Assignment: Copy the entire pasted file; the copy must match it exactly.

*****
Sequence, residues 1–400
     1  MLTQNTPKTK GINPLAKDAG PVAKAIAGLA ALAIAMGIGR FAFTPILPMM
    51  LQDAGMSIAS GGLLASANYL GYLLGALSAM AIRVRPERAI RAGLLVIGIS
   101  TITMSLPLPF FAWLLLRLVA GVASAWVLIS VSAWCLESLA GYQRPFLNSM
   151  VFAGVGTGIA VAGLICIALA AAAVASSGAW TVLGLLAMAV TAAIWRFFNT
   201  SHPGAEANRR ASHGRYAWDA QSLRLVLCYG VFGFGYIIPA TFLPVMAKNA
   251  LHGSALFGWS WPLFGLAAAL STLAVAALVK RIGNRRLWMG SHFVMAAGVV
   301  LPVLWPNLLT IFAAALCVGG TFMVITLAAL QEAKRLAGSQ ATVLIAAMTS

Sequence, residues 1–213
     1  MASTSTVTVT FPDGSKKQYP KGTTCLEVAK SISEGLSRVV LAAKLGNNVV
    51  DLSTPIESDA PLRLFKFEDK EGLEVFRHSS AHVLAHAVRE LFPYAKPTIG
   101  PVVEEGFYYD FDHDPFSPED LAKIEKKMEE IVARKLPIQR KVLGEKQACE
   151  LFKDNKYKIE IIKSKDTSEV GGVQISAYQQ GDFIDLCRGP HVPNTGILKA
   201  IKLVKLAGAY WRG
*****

Sequence, residues 1–400
     1  MLTQNTPKTK GINPLAKDAG PVAKAIAGLA ALAIAMGIGR FAFTPILPMM
    51  LQDAGMSIAS GGLLASANYL GYLLGALSAM AIRVRPERAI RAGLLVIGIS
   101  TITMSLPLPF FAWLLLRLVA GVASAWVLIS VSAWCLESLA GYQRPFLNSM
   151  VFAGVGTGIA VAGLICIALA AAAVASSGAW TVLGLLAMAV TAAIWRFFNT
   201  SHPGAEANRR ASHGRYAWDA QSLRLVLCYG VFGFGYIIPA TFLPVMAKNA
   251  LHGSALFGWS WPLFGLAAAL STLAVAALVK RIGNRRLWMG SHFVMAAGVV
   301  LPVLWPNLLT IFAAALCVGG TFMVITLAAL QEAKRLAGSQ ATVLIAAMTS

Sequence, residues 1–213
     1  MASTSTVTVT FPDGSKKQYP KGTTCLEVAK SISEGLSRVV LAAKLGNNVV
    51  DLSTPIESDA PLRLFKFEDK EGLEVFRHSS AHVLAHAVRE LFPYAKPTIG
   101  PVVEEGFYYD FDHDPFSPED LAKIEKKMEE IVARKLPIQR KVLGEKQACE
   151  LFKDNKYKIE IIKSKDTSEV GGVQISAYQQ GDFIDLCRGP HVPNTGILKA
   201  IKLVKLAGAY WRG